Unless more investment is redirected towards these processes, the production of byproduct metals will fail to keep up with rising demand.

“That investment in the downstream is not being matched by investment in the upstream,” Schloustcher said. “There’s a very precarious supply-demand imbalance for the critical minerals that are the inputs that enable these technologies.”

Running out of time

With demand from automakers and renewable energy companies expected to surge in the next decade, fixing these upstream supply issues is an immediate concern for mining companies worldwide. But the huge expense of new mining projects, which can require years to set up, are only part of the problem. The other issue is geopolitics. 

China controls 80% of the global rare earth metal refining industry. While the U.S. has ramped up its own domestic production targets, China’s dominance means that the West risks being cut out of the supply chain entirely.

Last year, China tightened regulations on rare earth exports to the U.S., and implemented laws that gave Beijing more control over global supply chains. In 2019, the U.S. received 80% of its rare earth minerals from China, while Europe depended on China for 98% of its supply.

“A great many factors influence the potential for shortages,” a U.S. Geological Survey spokesperson told Fortune. “International trade tensions and conflict are well-known reasons, but there are many other possibilities. Disease outbreaks, natural disasters, and even domestic civil strife can affect a country’s mineral industry and its ability to export mineral commodities to the U.S.”

A key factor in stabilizing the metal supply could be recycling, but many experts agree that while technically possible and likely necessary, it is underdeveloped. To recycle lithium, nickel, and cobalt used in electric vehicle batteries, for instance, automakers must either shred and burn dead batteries or dissolve them in acid before extracting the metal. Neither process is very efficient, however, as smelting is energy-intensive and acid baths can corrode and damage the metal.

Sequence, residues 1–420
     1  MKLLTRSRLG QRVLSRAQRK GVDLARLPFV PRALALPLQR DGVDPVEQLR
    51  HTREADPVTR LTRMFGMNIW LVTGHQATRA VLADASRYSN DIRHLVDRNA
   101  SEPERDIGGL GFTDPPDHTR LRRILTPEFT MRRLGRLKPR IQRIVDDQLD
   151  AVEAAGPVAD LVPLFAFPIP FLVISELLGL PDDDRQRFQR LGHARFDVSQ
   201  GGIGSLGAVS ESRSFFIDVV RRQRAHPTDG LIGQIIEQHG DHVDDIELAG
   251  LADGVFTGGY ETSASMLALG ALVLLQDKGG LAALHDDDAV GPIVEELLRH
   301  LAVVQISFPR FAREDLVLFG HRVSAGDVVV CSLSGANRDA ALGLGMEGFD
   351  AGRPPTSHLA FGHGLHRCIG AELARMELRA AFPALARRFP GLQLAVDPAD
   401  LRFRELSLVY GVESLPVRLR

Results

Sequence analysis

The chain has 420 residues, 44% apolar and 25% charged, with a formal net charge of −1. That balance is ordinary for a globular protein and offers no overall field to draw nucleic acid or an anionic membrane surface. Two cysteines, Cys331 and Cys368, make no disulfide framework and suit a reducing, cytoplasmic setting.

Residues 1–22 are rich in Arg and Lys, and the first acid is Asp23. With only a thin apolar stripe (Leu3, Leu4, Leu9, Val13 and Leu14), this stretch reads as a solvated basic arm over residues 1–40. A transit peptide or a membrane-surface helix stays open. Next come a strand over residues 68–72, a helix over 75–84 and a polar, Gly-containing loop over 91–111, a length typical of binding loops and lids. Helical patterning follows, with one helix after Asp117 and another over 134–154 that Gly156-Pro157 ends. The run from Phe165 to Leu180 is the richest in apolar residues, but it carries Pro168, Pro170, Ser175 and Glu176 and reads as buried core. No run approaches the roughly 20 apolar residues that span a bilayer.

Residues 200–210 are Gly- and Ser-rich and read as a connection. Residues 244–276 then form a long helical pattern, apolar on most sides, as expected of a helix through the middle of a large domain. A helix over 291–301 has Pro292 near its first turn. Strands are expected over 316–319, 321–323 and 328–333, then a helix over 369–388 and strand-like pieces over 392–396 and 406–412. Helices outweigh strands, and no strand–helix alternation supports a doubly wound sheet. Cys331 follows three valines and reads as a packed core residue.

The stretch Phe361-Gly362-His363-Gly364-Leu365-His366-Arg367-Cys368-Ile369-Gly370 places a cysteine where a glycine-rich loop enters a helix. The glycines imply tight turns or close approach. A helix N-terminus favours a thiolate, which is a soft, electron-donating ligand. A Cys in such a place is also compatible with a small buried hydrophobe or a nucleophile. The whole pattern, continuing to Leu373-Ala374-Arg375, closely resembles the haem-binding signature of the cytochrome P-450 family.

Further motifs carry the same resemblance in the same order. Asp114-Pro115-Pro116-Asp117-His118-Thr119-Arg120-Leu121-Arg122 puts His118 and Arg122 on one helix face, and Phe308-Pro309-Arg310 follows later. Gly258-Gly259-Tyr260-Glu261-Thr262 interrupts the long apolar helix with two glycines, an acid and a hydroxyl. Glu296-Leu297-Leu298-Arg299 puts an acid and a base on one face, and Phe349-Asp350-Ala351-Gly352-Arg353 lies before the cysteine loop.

Research on recycling metals is progressing, and several startups are working on more efficient methods. But progress has been slow, with the Energy Department estimating in 2019 that lithium-ion batteries are collected and recycled at a rate of less than 5%.

“Over the medium- to long-term, recycled or end-of-life metals can become a very valuable source of feedstock that complements the mining of raw material,” Schloustcher said. “But what we’re looking at in the near-term is demand for rare earths basically tripling.”

Through 2050, improved recycling of metals could help supply chains stabilize. But that necessary infrastructure is still a long way off, and experts say the critical time to fix the supply-demand imbalance is now.

“By 2050, we might be okay if recycling efforts kick in,” said KU Leuven’s Grégoir. “But the real challenge is the next decade where recycling can’t play a role yet. There is a serious risk that serious efforts to ramp up clean technologies will be hampered by metal shortages.”

Schloustcher added: “There is not enough material in operation today where a closed loop recycling system, even if everything was 100% recycled, could meet this growing demand. Recycling is very important, but we’re gonna need a lot more mining to meet the demand that most analysts project is on the horizon in the near term.”